Buying a home is a thrilling but daunting prospect, especially for first-time homebuyers. Your home is likely your most significant investment and one of the most significant purchases you will make in life. Not to mention, it’s the place you will spend most of your time. The realtors at Century 21, Purdum Epperson, have put together this guide to help you with your important descision.
Location, location, location. This adage still rings true; the location is still the most critical factor in any real estate purchase. A "good" location is one that meets the needs of your lifestyle and your reasons for purchasing a home. Someone looking to flip a property may choose an up-and-coming neighborhood, while families may want safer, more established areas with good schools. Location criteria to consider include:
Neighborhood appeal is highly personal. Consider the school district, commute to work, and the local lifestyle.
Maybe you want a fixer-upper. Think of improvements that you are willing to yourself or contract out.
Be sure to get an expert property inspection. This could save your a lot of big headaches later.
Neighborhood appeal is highly personal. Are you looking for a buzzing neighborhood with plenty of shops, nightlife, and attractions? Or, would you prefer a quieter area with lots of families, parks, and schools? Consider your neighborhood carefully; is this somewhere you can see yourself or your family living?
Schools will be a significant factor for families when buying a new home. Even if you don't have school-aged children, it's an important factor to research, as you may expand your family in the future. School districts will also be a factor for buyers when it comes time to sell the property, so the quality of schools in an area will often affect the price - both now and in the future.
Commute time is often a consideration that must be balanced with neighborhood appeal. Want to walk or bike to work? You may find a downtown condo is more suitable than a ranch on the outskirts of town. Test the commute at rush hour from any serious property prospects.
Lifestyle is a highly personal consideration every homebuyer must make. If you love to hike and be in nature, you will likely prefer a different location to someone who loves downtown's bustling nightlife.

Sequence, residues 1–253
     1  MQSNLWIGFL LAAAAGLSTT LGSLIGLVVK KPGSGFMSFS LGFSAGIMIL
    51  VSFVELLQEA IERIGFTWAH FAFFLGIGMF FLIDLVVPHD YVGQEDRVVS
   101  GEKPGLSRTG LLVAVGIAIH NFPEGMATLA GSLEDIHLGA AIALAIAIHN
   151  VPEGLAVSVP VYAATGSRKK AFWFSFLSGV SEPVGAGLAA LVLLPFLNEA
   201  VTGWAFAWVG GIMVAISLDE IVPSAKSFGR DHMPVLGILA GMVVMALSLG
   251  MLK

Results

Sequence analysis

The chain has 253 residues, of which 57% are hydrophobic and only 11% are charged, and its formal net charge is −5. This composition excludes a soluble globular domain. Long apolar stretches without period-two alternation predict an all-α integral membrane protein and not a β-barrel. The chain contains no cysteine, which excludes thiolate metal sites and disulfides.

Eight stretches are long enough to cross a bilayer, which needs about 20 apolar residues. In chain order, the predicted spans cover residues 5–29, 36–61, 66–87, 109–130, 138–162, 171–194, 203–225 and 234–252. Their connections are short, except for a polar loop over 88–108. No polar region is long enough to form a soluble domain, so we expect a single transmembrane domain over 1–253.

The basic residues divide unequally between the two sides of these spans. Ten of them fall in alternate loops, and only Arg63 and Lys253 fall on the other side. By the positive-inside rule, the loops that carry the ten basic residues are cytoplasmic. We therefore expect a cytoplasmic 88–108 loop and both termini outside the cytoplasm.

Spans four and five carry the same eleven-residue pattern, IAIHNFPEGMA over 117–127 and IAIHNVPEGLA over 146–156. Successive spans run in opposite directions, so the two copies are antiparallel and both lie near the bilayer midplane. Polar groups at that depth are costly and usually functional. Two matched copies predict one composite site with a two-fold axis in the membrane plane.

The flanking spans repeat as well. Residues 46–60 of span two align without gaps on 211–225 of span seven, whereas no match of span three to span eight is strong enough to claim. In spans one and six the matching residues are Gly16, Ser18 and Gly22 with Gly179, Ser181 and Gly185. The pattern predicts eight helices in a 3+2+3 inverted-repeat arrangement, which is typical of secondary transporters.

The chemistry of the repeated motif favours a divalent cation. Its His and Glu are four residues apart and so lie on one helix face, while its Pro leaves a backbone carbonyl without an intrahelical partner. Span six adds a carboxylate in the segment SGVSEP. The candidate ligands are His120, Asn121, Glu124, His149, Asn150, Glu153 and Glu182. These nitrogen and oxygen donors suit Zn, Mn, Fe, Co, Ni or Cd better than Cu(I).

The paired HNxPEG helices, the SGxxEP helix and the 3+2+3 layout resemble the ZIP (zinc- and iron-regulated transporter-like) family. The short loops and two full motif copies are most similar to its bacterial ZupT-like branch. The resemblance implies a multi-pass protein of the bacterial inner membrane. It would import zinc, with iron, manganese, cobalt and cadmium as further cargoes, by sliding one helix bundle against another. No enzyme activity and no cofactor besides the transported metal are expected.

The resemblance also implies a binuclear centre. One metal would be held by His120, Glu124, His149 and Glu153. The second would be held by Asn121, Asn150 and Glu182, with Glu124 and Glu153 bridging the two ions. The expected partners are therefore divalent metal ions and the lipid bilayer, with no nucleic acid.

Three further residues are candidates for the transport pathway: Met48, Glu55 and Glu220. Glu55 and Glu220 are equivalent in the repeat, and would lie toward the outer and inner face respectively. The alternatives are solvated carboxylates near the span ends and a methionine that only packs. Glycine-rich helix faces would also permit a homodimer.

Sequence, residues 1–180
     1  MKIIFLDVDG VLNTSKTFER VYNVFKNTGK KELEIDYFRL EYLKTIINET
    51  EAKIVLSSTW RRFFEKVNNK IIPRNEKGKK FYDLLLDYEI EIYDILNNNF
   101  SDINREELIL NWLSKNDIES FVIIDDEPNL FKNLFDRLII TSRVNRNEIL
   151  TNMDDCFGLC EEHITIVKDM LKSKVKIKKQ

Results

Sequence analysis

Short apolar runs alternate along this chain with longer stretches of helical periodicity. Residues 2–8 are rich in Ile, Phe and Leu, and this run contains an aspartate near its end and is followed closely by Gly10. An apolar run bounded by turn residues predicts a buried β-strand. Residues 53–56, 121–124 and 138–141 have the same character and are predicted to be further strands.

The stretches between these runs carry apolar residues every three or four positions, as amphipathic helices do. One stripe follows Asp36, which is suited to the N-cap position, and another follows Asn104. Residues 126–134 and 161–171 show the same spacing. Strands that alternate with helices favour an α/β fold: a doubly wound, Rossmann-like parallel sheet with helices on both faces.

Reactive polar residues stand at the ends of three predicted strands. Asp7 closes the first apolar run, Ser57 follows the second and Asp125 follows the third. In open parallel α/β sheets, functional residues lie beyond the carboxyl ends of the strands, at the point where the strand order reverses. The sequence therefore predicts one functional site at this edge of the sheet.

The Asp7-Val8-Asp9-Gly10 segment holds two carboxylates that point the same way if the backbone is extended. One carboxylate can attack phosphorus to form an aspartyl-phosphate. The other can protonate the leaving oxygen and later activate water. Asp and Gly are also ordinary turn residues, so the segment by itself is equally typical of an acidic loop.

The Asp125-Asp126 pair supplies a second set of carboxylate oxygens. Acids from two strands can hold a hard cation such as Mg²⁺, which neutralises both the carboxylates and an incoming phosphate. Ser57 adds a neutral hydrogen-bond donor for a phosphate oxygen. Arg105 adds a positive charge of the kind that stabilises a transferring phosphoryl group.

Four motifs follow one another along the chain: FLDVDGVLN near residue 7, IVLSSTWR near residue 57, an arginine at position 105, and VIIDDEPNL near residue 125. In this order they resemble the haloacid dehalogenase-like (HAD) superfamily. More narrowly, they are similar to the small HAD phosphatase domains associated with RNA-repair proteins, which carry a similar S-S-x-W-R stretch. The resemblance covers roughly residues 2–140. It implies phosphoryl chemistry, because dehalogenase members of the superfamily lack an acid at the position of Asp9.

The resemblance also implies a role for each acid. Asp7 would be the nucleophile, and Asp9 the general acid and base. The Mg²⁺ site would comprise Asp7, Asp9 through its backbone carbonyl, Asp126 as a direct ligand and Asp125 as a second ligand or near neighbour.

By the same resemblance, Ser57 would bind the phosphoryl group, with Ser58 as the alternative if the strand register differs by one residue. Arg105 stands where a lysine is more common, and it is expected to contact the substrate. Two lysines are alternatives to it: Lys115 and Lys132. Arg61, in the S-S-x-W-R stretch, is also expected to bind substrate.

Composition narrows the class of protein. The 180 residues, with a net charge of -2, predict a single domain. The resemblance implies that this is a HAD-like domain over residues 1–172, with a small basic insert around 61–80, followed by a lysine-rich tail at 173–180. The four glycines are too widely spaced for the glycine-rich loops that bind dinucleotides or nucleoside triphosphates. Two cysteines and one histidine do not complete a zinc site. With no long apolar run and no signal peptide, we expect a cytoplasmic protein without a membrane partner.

Once you've determined your ideal location, you will want to start considering the type of property you want to buy. Condos or townhouses can be more affordable than a single-family home, but they come with compromises. Shared walls with neighbors often mean more noise and less privacy, while homeowners association fees (HOA fees) can increase monthly costs.
Many first homeowners may consider buying a fixer-upper — a single-family home that needs updates or repairs. Fixer-uppers will usually sell for less per square foot than homes that are move-in ready or recently remodeled. Older homes such as victorian or craftsman bungalows often need some updating. When buying a fixer-upper, remember to budget extra for repairs and remodeling. Doing the bulk of labor yourself can save money, but not everyone is a natural at DIY, and even material costs can add up. The highest house repair costs are usually plumbing, roofing, furnace, and air conditioning repairs or installations. If you are outsourcing most of the work, consider both the house and renovations' real cost.
A home inspection is strongly recommended for any house buyer. A property inspection is a thorough assessment of both the structure and mechanical systems of a house. You should use a professional inspector to look for potential problems and use their report to make an informed decision before buying the property. Your Real Estate Agent will usually provide a property inspection. Anything visible in the property can be inspected, so make sure the whole house is reviewed, including hard to reach areas such as the roof or crawl spaces. You should also note that a standard inspection won't test for things like mold, pests, or radon. Be sure to find out precisely what the test includes and get other assessments if needed to fill any gaps.
House prices are almost always negotiable. For example, your house inspection may surface issues which you can ask the seller to pay to fix in advance or lower the price to cover the cost of repairs. It's also possible to negotiate with the seller to get them to pay for some of the closing costs. How much negotiating power you have will depend on how hot the local market is. You'll find it harder to drive a hard bargain if you're in a competitive market with more buyers than sellers. Your agent can help you understand your options in the local market and strategize your negotiations accordingly.
It's essential to educate yourself on the home buying process and local market. First time home buyers have no experience with real estate, and even homeowners can learn as they purchase their second or third properties. Markets can change from year to year, and you may have more or fewer opportunities to negotiate than when you previously bought a house. Lean on your real estate agent for advice, and read plenty of articles to stay-up-to-date. The more you learn about the process, the less stressful it will be, and the more confidence you will have to negotiate this major step in your life successfully.